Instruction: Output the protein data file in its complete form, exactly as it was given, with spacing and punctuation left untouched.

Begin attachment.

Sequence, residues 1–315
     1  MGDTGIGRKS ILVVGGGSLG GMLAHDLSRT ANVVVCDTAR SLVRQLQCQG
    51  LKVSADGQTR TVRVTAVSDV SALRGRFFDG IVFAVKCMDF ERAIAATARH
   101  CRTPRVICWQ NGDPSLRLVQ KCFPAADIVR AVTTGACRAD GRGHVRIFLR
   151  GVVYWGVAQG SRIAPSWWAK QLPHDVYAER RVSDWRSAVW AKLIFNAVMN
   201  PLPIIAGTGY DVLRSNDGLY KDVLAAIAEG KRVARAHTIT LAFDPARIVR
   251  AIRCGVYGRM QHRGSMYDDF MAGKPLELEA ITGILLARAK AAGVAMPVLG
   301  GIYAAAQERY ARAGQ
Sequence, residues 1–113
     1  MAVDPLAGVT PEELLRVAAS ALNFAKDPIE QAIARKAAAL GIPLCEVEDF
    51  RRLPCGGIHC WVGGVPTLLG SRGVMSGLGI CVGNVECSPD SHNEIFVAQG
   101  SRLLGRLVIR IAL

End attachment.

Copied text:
Sequence, residues 1–315
     1  MGDTGIGRKS ILVVGGGSLG GMLAHDLSRT ANVVVCDTAR SLVRQLQCQG
    51  LKVSADGQTR TVRVTAVSDV SALRGRFFDG IVFAVKCMDF ERAIAATARH
   101  CRTPRVICWQ NGDPSLRLVQ KCFPAADIVR AVTTGACRAD GRGHVRIFLR
   151  GVVYWGVAQG SRIAPSWWAK QLPHDVYAER RVSDWRSAVW AKLIFNAVMN
   201  PLPIIAGTGY DVLRSNDGLY KDVLAAIAEG KRVARAHTIT LAFDPARIVR
   251  AIRCGVYGRM QHRGSMYDDF MAGKPLELEA ITGILLARAK AAGVAMPVLG
   301  GIYAAAQERY ARAGQ
Sequence, residues 1–113
     1  MAVDPLAGVT PEELLRVAAS ALNFAKDPIE QAIARKAAAL GIPLCEVEDF
    51  RRLPCGGIHC WVGGVPTLLG SRGVMSGLGI CVGNVECSPD SHNEIFVAQG
   101  SRLLGRLVIR IAL